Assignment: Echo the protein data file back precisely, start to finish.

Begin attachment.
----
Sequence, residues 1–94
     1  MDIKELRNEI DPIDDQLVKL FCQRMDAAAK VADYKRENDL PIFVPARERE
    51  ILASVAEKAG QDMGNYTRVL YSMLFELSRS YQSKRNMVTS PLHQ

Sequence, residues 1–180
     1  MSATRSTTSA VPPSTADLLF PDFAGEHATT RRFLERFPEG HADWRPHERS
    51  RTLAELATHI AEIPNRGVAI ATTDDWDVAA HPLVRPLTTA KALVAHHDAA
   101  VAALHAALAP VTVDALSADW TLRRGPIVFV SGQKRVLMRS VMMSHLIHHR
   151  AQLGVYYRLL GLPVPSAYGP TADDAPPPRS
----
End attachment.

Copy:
Sequence, residues 1–94
     1  MDIKELRNEI DPIDDQLVKL FCQRMDAAAK VADYKRENDL PIFVPARERE
    51  ILASVAEKAG QDMGNYTRVL YSMLFELSRS YQSKRNMVTS PLHQ

Sequence, residues 1–180
     1  MSATRSTTSA VPPSTADLLF PDFAGEHATT RRFLERFPEG HADWRPHERS
    51  RTLAELATHI AEIPNRGVAI ATTDDWDVAA HPLVRPLTTA KALVAHHDAA
   101  VAALHAALAP VTVDALSADW TLRRGPIVFV SGQKRVLMRS VMMSHLIHHR
   151  AQLGVYYRLL GLPVPSAYGP TADDAPPPRS